“Pave paradise, put up a parking lot”. A certain Joni Mitchell song shares some melancholy energy with this rarely staged musical, a hymn to what’s lost when ‘progress comes’ – and what isn’t. I’m sort of mesmerised by that moment where a place becomes nothing – or, equally, the moment just before a place becomes nothing. Sondheim’s musical Follies is lent even more poignancy (and it’s already very, very poignant) by the fact that its reunion of former showgirls happens in a theatre that’s going to be demolished the next day. The Rink, written just over a decade after Follies in 1984, has some of the same nostalgic sting – it’s about a family-owned roller rink in a decaying seaside resort, that’s on the brink of being demolished to become a car park. But in typical Kander and Ebb style, there’s a harshness and cynicism to this elegy – a sense that some things are too toxic for any other treatment than being paved over, covered up like nuclear waste.
Bec Chippendale’s set is glorious, a delicate array of whimsical columns and faded technicolour decoration. This rink looks magical, especially through the cobwebs: but Terrence McNally’s book is careful to show that its magic is both misleading and oppressive. It’s trapped Anna into a lifetime of thankless labour, its lustre fading despite her hours of scrubbing. And her daughter Angel has spent the entirety of her ’20s trying to escape it in hippy communes and adventures on the road – only a decade away from her family business can make her see its charm.
Adam Lenson’s production pulls the focus tightly onto this Italian-American mother-daughter pairing, one originally played on Broadway by Chita Rivera and Liza Minnelli. Caroline O’Connor makes an eye-drawingly glamorous, fierce Anna, lit up with the energy that’s come with deciding to let go of the past. Playing her daughter Angel, Gemma Sutton is softer, full of an endearing mix of spirited independence and uncompromising childishness – her voice lends strength and emotional intensity to a score of songs that dredge over three decades of the family’s history.
The all-male supporting cast, morphing from present-day demolition men to ghosts from the past, are sometimes less convincing: partly because an extra row of seating round the edge of the stage cuts the playing space down to an elbow-jostlingly small patch. There’s not much room for roller-skating pizzazz and the ’50s style jazzy numbers that are designed to conjure up the rink’s heydey.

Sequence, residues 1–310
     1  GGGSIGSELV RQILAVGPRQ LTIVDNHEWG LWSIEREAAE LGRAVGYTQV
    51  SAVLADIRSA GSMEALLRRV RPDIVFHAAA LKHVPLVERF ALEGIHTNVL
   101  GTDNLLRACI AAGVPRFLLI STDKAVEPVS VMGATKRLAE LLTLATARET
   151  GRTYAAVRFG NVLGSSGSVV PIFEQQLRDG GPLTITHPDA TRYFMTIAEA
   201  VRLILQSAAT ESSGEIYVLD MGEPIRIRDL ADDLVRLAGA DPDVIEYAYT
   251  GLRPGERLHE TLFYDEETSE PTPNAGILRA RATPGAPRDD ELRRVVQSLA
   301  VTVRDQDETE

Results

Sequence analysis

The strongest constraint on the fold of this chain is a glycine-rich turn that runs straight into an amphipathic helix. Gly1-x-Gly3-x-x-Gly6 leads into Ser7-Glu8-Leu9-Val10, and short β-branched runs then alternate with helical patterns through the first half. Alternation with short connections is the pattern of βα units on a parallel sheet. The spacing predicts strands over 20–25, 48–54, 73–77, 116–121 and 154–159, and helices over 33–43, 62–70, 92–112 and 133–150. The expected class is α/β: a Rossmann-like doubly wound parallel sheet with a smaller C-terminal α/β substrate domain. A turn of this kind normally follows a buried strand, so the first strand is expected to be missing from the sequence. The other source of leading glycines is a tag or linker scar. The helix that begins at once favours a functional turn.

What there is room for is decades worth of unspoken pain, and for insights into gendered labour and sexual double standards. Anna’s story has the feel of some of the cruellest fairy tales. Her husband Dino seduces her with gifts, blue crystal glasses from Murano, then relies on her labour as he turns distant, cold and emotionally abusive, finally leaving her to run the rink alone. A palace of amusements becomes her prison. And her relationship with Angel is warped by a sense of mutual betrayal: Angel can’t forgive her for her gossip-provoking affairs with other local men (cue a raunchy Chicago-style number) and Anna can’t forgive Angel for leaving her, too.
There’s a sharply drawn emotional realism to this mother-daughter relationship which is rarely seen in musical theatre – perhaps because instead of moving forward, its narrative needles away at the past, old resentments unravelling like a cheap dress at a humiliating high school dance. And it’s coupled with a compelling cynicism about the world outside, where amusement arcades and rollercoasters and cheap thrills are giving way to a tougher world of gang violence. Rollerskating doesn’t stand a chance.
Ultimately, the rink comes down. And despite its ritzy nostalgia, McNally’s clear-eyed, sentimentality-free story makes a case for laying waste to the past, and for leaving old pain trapped under the rubble.
The Rink is on at Southwark Playhouse until 23rd June. More info here.